F1’s official tyre supplier cited this as one of the causes of the series of punctures seen during the British Grand Prix.
“At Silverstone we’d underestimated the impact of swapping the tyres,” said Hembery. “The cars were two, maybe three seconds per lap quicker this year and whilst we’d allowed the teams to do that we’d underestimated the impact on the tyre.”
“When you swap them around that creates a point with the metallic belt that we have on it, on the left-hand side, the camber side, and that created the weakness. We got that wrong and we needed to get it right going forward.”
Further changes will be introduced for the Hungarian Grand Prix which will be tested at Silverstone next week by drivers in the current cars: “The young drivers test were taking along some of the tyres, well the structure of the tyre, that will be used going forward this season.”
But Hembery confirmed Pirelli will have to go back to using their three-year-old Renault R30 for further work: “The Paul Ricard and Barcelona tests are with the 2010 Renault and it’s our own testing that’s looking for a few things for next season.”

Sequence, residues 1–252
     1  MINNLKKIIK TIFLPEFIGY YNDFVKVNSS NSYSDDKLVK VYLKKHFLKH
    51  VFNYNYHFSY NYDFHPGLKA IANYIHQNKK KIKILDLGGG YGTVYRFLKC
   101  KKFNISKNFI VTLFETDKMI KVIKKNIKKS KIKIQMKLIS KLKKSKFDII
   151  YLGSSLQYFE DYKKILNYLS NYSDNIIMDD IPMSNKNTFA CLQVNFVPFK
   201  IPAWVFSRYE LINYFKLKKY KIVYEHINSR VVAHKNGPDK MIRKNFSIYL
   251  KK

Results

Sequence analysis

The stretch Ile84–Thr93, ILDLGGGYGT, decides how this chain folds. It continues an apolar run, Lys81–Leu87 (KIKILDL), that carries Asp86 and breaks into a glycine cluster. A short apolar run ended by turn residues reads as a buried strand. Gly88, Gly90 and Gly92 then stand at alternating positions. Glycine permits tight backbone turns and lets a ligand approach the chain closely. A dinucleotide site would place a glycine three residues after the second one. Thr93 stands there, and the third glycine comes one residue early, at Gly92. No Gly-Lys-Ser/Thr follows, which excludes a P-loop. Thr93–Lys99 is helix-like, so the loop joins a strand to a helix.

“But obviously it’s a little bit slow now compared to the way the cars are moving.”
Asked why Pirelli had changed its tyres despite stating the previous compounds were safe, Hembery said: “You’ve seen at Silverstone a very dramatic increase in performance compared to previous years. Some teams described it as a three-fold increase in loading on the tyres.
“So going forward you learn from those situation, obviously, and you want to give a great margin. So it’s purely that.”
“The rate of development in Formula One is vast and you’ve also got a moving target,” he added. “So you don’t need two signals like that, do you?”
2013 German Grand Prix
- Third Driver of the Weekend win for Vettel
- Down-to-the-wire German GP gets positive rating
- 2013 German Grand Prix team radio transcript
- 2013 German Grand Prix fans’ video gallery
- FIA to bring forward 2014 pit lane safety rules
Image ?é?® Pirelli/LAT